Staff writer for Fast Company, Liz Segran, met with graduate students at the Fashion Institute of Technology to ask them what they think is going to happen to retail stores. In the beginning, Skylar Yoo will be strictly an online store but I plan on selling the shirts to big department stores as well as (possibly) on Amazon. In the future future, I’d love to have brick-and-morter stores but ones that are totally unconventional. I want people to come to the stores to see incredible, cutting-edge art on the walls, I want one-of-a-kind art installations where people can interact with art, and I want a DJ to be playing some jammin tunes. In this day and age, don’t we or shouldn’t we expect more from a retail store?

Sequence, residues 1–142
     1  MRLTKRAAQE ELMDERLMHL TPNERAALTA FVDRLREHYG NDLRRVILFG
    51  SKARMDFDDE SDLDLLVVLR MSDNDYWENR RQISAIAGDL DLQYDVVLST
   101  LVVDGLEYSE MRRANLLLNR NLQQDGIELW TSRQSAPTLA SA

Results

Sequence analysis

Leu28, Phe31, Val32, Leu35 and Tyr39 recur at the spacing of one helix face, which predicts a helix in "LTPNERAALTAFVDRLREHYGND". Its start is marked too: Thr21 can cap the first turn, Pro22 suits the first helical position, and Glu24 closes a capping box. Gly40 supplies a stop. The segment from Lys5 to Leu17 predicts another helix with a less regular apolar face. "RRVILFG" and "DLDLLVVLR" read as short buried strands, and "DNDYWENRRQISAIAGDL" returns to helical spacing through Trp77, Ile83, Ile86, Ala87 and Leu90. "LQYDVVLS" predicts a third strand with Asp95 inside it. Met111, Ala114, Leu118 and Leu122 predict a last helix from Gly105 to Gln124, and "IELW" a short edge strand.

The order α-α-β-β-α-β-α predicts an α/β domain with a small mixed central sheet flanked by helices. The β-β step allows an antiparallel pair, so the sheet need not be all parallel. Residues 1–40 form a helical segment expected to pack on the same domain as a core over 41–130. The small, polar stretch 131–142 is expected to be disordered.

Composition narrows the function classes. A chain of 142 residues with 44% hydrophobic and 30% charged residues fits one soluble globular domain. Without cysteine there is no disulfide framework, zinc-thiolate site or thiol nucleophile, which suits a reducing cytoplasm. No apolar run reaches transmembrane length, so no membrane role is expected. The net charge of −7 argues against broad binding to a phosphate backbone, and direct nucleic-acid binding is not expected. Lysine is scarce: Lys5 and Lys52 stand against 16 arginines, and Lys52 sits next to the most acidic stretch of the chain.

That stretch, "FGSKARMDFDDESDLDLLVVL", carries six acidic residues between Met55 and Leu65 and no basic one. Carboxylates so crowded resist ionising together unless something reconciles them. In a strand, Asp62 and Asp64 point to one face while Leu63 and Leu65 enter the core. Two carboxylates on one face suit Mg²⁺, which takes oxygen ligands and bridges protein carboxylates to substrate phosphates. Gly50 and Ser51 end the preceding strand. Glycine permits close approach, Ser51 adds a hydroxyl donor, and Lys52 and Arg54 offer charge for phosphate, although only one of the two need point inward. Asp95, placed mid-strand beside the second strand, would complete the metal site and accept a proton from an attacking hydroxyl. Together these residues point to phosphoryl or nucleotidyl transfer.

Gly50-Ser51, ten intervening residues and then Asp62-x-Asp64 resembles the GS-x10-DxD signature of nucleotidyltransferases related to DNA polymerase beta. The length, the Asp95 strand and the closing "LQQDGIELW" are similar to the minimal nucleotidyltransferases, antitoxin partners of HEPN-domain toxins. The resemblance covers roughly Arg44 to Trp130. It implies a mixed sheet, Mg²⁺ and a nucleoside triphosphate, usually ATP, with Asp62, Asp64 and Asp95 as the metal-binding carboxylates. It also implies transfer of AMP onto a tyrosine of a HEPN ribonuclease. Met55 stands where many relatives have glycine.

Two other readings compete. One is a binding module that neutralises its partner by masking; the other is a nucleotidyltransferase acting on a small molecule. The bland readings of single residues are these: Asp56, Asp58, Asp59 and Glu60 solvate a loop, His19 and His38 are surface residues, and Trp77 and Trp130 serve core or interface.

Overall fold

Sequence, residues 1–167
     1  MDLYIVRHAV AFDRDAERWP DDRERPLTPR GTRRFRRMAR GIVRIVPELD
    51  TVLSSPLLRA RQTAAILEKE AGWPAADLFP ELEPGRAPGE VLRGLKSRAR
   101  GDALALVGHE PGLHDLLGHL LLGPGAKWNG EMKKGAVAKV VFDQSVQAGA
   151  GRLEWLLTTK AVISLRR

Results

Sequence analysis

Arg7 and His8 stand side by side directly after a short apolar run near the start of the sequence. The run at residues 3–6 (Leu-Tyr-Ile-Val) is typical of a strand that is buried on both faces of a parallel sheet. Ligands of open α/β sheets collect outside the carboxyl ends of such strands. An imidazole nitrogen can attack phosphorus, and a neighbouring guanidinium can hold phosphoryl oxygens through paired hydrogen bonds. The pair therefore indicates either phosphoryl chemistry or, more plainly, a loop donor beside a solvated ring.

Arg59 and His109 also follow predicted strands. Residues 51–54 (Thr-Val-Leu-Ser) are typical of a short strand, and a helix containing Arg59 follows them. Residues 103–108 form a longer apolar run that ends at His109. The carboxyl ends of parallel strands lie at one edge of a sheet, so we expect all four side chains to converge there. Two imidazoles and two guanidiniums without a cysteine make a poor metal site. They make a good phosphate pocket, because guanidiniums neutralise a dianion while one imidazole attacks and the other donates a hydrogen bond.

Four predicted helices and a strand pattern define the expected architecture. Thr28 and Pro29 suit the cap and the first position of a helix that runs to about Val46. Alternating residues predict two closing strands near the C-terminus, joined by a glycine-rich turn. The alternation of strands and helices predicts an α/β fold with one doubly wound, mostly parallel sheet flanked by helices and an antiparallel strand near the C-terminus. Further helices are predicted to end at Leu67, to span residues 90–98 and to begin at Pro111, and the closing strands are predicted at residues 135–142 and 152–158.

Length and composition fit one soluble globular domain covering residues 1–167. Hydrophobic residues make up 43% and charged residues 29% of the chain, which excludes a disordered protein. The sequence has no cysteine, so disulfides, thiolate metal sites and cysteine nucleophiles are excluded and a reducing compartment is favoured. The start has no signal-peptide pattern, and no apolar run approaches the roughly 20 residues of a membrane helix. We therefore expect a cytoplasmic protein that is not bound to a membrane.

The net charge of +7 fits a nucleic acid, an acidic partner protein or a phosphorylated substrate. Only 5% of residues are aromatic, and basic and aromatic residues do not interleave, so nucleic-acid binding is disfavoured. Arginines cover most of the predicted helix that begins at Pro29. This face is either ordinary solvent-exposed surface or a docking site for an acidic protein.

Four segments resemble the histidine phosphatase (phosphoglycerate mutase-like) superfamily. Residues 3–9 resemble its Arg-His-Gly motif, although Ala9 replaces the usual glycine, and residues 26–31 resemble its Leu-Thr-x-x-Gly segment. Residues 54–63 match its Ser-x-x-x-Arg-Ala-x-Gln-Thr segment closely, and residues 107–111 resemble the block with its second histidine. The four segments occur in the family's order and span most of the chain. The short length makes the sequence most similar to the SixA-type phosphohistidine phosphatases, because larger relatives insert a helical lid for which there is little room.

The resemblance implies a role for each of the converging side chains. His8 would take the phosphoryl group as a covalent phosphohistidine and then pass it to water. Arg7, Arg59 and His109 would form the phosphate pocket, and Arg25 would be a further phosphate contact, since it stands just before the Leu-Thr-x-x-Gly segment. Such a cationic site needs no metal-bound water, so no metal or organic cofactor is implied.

Here’s what the graduate students said:
“Department stores must think of themselves as entertainment centers: In Korea, some malls are more like amusement parks, complete with rides and art installations. Some brands should become landlords, leasing out part of their space to smaller startups, which will give customers a reason to stop by the store to see what’s new. For other brands, turning unproductive retail spaces into local distribution centers might be a good idea, since it might allow them to get products to customers within hours at lower shipping costs.”
Will the industry adapt and change? All I know for sure is that we’re living in a fascinating time for fashion.